The reforms “will empower the FBI to build a more robust internal compliance program … that will ensure, among other things, the accuracy of [Foreign Intelligence Surveillance Act] applications, as well as the active oversight of applications targeting federal elected officials, candidates for federal elected office, and their staffs,” according to a Justice Department news release.
Barr and Wray have sought to shore up the Foreign Intelligence Surveillance Court application process since Justice Department Inspector General Michael Horowitz released a report last December reviewing the FBI’s handling of a probe into the Trump campaign’s ties to Russia.
Although Horowitz found that political bias did not influence the bureau’s actions during the investigation, he did identify various inaccuracies and omissions by FBI officials in requests for court-ordered surveillance of former Trump campaign adviser Carter Page.
But in a review of the more than 200 errors in FISA Court applications flagged by Horowitz’s office, the Justice Department and the FBI concluded that only two of those were “material,” according to a court submission made public last month.
Still, Wray said in a statement Tuesday that Horowitz’s report “describes conduct that was unacceptable and unrepresentative of the FBI as an organization.” He added that the FBI “remains dedicated to continuously strengthening our FISA compliance efforts and ensuring that our FISA authorities are exercised in a responsible manner.”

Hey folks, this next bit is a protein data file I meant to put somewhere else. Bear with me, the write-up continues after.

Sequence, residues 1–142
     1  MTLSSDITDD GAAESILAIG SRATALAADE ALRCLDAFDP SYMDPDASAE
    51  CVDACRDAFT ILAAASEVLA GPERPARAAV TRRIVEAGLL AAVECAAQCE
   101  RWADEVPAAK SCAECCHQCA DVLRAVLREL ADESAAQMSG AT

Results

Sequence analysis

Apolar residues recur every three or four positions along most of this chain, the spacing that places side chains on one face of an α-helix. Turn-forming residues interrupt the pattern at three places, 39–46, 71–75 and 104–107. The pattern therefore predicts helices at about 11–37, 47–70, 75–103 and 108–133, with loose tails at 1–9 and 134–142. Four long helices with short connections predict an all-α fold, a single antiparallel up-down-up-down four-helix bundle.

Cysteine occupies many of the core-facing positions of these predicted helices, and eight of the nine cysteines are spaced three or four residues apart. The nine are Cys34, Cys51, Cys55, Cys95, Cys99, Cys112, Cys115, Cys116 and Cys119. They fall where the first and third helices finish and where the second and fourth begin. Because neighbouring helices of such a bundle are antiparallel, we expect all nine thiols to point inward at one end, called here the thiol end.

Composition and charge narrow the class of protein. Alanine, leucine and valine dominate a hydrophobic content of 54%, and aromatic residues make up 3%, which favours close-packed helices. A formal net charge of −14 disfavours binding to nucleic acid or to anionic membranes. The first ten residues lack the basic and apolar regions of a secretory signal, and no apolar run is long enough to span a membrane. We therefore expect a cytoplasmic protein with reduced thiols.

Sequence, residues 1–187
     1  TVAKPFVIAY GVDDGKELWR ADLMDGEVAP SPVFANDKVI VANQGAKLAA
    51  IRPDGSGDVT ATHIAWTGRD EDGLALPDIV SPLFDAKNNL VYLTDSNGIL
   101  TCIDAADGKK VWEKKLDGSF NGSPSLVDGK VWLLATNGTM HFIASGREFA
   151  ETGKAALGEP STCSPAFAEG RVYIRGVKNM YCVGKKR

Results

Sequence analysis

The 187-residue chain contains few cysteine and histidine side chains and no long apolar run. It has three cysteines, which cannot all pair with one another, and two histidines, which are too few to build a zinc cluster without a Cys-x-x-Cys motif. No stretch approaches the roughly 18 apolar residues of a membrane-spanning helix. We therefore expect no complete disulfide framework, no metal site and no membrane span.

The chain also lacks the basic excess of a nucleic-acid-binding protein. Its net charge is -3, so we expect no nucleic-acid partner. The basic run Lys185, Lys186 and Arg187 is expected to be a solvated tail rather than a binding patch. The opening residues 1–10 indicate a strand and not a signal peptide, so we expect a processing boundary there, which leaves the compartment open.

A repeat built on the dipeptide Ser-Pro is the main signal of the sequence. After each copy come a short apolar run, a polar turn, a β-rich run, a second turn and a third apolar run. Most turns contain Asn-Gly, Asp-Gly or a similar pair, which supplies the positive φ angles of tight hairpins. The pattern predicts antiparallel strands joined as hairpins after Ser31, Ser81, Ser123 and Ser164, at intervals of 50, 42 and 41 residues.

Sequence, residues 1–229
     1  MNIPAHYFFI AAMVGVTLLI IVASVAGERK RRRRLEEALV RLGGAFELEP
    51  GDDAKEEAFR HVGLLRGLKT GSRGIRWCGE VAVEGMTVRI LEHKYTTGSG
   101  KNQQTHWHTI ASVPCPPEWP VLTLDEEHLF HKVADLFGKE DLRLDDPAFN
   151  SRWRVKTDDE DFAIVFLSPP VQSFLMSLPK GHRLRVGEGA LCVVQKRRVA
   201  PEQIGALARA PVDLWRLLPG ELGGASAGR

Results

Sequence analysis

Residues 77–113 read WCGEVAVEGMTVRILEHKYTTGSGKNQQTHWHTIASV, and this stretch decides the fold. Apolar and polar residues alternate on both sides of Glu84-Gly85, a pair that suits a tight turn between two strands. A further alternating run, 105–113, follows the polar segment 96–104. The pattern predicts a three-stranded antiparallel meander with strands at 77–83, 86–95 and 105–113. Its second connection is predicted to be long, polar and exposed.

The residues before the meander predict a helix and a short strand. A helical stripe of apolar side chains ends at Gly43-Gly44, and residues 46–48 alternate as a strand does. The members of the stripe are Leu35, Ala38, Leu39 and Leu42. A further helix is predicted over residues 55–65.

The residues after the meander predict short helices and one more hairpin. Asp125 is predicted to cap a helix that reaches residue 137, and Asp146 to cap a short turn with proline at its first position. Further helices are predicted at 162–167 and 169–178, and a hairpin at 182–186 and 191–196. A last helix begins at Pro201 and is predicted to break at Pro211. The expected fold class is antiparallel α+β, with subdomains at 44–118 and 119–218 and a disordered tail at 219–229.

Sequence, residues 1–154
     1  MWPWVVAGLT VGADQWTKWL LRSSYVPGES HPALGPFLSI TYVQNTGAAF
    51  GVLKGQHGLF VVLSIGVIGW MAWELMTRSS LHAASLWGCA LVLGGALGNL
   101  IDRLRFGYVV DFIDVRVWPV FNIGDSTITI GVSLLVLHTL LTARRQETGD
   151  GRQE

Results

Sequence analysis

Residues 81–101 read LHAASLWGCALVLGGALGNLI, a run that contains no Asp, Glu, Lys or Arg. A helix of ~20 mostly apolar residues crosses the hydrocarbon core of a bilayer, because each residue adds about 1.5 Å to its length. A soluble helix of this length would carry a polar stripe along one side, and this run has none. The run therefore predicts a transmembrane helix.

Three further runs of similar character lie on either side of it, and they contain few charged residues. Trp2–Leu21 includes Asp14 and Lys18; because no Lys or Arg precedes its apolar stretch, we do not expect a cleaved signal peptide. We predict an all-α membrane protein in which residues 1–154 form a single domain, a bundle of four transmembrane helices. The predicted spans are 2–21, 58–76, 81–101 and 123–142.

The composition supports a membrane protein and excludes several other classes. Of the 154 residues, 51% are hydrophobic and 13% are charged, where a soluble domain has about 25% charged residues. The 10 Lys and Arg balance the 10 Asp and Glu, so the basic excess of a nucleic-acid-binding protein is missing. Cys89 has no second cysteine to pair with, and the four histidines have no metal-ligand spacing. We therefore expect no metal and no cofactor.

Barr lamented the president’s treatment by federal law enforcement officials in his own statement. “What happened to the Trump presidential campaign and his subsequent Administration after the President was duly elected by the American people must never happen again,” he said.
Barr has appointed John Durham, the U.S. attorney in Connecticut, to examine the origins of the Russia probe — an internal Justice Department investigation that resulted in former FBI attorney Kevin Clinesmith pleading guilty last month to altering an email used to seek surveillance warrants against Page.